Attendance will be free of charge thanks to the support of the IALS and our sponsor, although registration is required as places are limited.

The best papers will be featured in a special issue of Bloomsbury’s Communications Law journal, following a peer-review process. Those giving papers will be invited to submit full draft papers to the journal by 1st November 2017 for consideration by the journal’s editorial team.

How to apply:

Please send an abstract of between 250-300 words and some brief biographical information to Eliza Boudier, Fellowships and Administrative Officer, IALS: eliza.boudier@sas.ac.uk by Friday 14th July 2017 (5pm, BST).

Abstracts will be considered by the Information Law and Policy Centre’s academic staff and advisors, and the Communications Law journal editorial team.

About the Information Law and Policy Centre at the IALS:

The Information Law and Policy Centre (ILPC) produces, promotes, and facilitates research about the law and policy of information and data, and the ways in which law both restricts and enables the sharing, and dissemination, of different types of information.

The ILPC is part of the Institute of Advanced Legal Studies (IALS), which was founded in 1947. It was conceived, and is funded, as a national academic institution, attached to the University of London, serving all universities through its national legal research library. Its function is to promote, facilitate, and disseminate the results of advanced study and research in the discipline of law, for the benefit of persons and institutions in the UK and abroad.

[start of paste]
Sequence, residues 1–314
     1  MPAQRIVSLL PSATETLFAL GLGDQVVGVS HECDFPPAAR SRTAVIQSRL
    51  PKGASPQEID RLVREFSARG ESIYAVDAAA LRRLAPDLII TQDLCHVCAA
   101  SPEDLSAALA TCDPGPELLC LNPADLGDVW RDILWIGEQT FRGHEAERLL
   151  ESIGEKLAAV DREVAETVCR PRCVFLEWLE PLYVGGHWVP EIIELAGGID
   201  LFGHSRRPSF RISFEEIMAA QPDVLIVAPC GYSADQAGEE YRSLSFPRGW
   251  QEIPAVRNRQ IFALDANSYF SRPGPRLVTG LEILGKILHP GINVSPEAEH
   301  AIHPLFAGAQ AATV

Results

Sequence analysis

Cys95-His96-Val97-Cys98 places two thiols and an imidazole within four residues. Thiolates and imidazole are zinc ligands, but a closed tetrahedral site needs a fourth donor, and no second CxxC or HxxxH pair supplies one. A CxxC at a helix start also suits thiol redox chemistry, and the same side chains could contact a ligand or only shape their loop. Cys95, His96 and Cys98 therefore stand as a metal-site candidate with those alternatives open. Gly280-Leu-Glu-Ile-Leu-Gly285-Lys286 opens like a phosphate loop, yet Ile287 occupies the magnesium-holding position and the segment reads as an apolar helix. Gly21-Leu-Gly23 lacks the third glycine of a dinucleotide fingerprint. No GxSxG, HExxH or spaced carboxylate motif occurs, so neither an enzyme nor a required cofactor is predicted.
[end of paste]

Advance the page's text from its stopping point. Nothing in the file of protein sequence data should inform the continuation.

The ILPC’s Annual Conference and Annual Lecture form part of a series of events celebrating the 70th Anniversary of the IALS in November.

About Communications Law (Journal of Computer, Media and Telecommunications Law):

Communications Law is a well-respected quarterly journal published by Bloomsbury Professional covering the broad spectrum of legal issues arising in the telecoms, IT, and media industries. Each issue brings you a wide range of opinion, discussion, and analysis from the field of communications law. Dr Paul Wragg, Associate Professor of Law at the University of Leeds, is the journal’s Editor in Chief.

Information Law and Policy in the General Election Manifestos

With the General Election fast-approaching, we have collected together a few blog posts from around the web that consider what the party manifestos say about information law and policy.

Paul Magrath, Head of Product Development and Online Content, discusses proposed changes to Media law as part of a more general review of law and justice policies. He identifies newspaper regulation as the big issue here: “Specifically,

  1. Should the Leveson inquiry recommendations be enforced in full, including the costs provisions of section 40 of the Crime and Courts Act 2013
  2. Should the second part of the Leveson inquiry go ahead?”

Chris Pounder has picked out all the relevant sections in the manifestos which relate to data protection and human rights (Article 8 and 10) issues. He says:

“The main controversy relates to the Conservative manifesto which hints at leaving the ECHR after the next General Election in 2022 and raises the prospect of the establishment of a national population register.”

Christopher Knight at 11KBW provides an entertaining look at the data protection elements of the manifestos (while also passing comment on the various aesthetic features). He considers the Lib Dems pledge to repeal or substantially re-write the Investigatory Powers Act 2016; Labour’s commitment to “strong data protection rules to protect personal privacy”; and the Conservatives’ “Digital Charter” as well as their proposals for the National Data Guardian for Health and Social Care, and a new “expert Data Use and Ethics Commission”.

If you like election manifestos presented infographically, then Rights Info has jazzed up the relevant sections on human rights for you. You’ll find ‘Privacy and Free Speech’ at the bottom of the section for each of the parties.